United States District Court, D. Nevada
C. JONES, UNITED STATES DISTRICT JUDGE
action arises out of a dispute over whether the United States
reserved title to a segment of road or only an easement for
its use when it deeded certain land to Plaintiff's
predecessor-in-interest. Pending before the Court is a motion
to dismiss for lack of subject matter jurisdiction.
FACTS AND PROCEDURAL HISTORY
Saving America's Mustangs (“SAM”) owns and
operates a wild horse sanctuary near Elko, Nevada. (Compl.
¶ 2, ECF No. 1). On or about June 2, 1967, the United
States had issued a land patent (“the Patent”) to
Plaintiff's predecessors-in-interest. (Id.
¶ 4). The Patent included a reservation (“the
Reservation”) for use and maintenance of a five-mile
road (“the Road”) that traverses Plaintiff's
property in a north-south direction. (See Id.
¶¶ 4-5). The Reservation was for use by the United
States and its agents and employees, not for use by the
public. (Id. ¶¶ 7-10). Members of the
public have since 2013 been using roads on SAM's property
and otherwise trespassing. (Id. ¶ 12). SAM
therefore installed access gates on the Road and gave the
Bureau of Land Management (“BLM”) keys to the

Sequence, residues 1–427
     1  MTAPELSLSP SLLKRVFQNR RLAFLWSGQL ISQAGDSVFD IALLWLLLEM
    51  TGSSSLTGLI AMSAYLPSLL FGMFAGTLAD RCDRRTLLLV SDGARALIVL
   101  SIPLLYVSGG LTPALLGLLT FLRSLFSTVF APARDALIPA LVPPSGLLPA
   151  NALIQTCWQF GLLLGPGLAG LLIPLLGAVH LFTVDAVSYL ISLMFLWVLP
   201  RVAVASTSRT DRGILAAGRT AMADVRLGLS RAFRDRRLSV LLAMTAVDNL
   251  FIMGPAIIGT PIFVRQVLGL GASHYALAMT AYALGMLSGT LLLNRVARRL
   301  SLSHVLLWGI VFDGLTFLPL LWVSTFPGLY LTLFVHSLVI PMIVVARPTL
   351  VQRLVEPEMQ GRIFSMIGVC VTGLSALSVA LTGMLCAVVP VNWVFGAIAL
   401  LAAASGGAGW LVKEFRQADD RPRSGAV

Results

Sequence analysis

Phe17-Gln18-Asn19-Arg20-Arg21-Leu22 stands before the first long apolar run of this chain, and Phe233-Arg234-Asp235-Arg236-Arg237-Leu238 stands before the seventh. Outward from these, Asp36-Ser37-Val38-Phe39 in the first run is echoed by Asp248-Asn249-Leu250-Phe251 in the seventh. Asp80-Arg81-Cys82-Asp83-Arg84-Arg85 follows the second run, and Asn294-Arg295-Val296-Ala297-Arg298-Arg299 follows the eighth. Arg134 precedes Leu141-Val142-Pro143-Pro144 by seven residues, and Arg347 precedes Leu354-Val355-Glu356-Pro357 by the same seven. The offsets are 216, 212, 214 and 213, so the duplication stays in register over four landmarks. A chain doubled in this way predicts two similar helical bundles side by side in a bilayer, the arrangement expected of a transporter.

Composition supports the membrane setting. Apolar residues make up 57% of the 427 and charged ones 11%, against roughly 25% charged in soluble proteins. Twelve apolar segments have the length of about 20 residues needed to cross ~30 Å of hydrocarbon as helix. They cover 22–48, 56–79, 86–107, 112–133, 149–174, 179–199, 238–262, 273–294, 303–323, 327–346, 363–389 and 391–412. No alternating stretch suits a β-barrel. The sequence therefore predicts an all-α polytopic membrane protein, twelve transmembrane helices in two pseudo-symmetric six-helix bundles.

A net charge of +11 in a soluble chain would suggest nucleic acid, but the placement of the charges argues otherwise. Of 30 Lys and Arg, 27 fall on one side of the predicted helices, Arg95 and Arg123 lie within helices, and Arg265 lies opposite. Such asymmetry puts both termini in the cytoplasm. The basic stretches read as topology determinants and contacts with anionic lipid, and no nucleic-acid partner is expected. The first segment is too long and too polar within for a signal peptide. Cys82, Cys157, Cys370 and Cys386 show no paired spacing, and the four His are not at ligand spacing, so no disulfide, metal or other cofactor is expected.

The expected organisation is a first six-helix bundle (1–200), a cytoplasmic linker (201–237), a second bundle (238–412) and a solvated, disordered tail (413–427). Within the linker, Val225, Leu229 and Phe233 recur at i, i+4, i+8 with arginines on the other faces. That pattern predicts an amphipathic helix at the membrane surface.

gates. (Id. ¶¶ 13-14). BLM, however, has
asserted that the public has the right to use the Road and
that SAM's installation of gates on the Road violates the
Reservation. (Id. ¶ 14).
sued BLM in this Court under the Declaratory Judgment Act and
to quiet title to the Road. BLM has moved to dismiss for lack
of subject matter jurisdiction.
courts are courts of limited jurisdiction, possessing only
those powers granted by the Constitution and statute. See
United States v. Marks, 530 F.3d 799, 810 (9th Cir.
2008) (citing Kokkonen v. Guardian Life Ins. Co. of
Am., 511 U.S. 375, 377 (1994)). The party asserting
federal jurisdiction bears the burden of overcoming the
presumption against it. Kokkonen, 511 U.S. at 377. A
party may move to dismiss for lack of subject matter
jurisdiction under the federal rules. Fed.R.Civ.P. 12(b)(1).
Additionally, a court may raise the question of subject
matter jurisdiction sua sponte at any time during an action.
United States v. Moreno- Morillo, 334 F.3d 819, 830
(9th Cir. 2003). Regardless of who raises the issue,
“when a federal court concludes that it lacks
subject-matter jurisdiction, the court must dismiss the
complaint in its entirety.” Arbaugh v. Y & H
Corp., 546 U.S. 500, 514 (2006) (citing 16 J. Moore et
al., Moore's Federal Practice § 106.66, pp.
106-88 to 106-89 (3d ed. 2005)).
a waiver, sovereign immunity shields the Federal Government
and its agencies from suit.” FDIC v. Meyer,
510 U.S. 471, 475 (1994). “Sovereign immunity is
jurisdictional in nature.” Id. Waivers of
sovereign immunity are construed narrowly. See Lane v.
Pena, 518 U.S. 187, 192 (1996); Lehman v.
Nakshian, 453 U.S. 156, 160-61 (1981).
case turns upon whether the United States excepted the Road
from the grant of fee simple title altogether or only
reserved an easement limited to its own use (and not for use
by the general public). The Patent conveys certain land,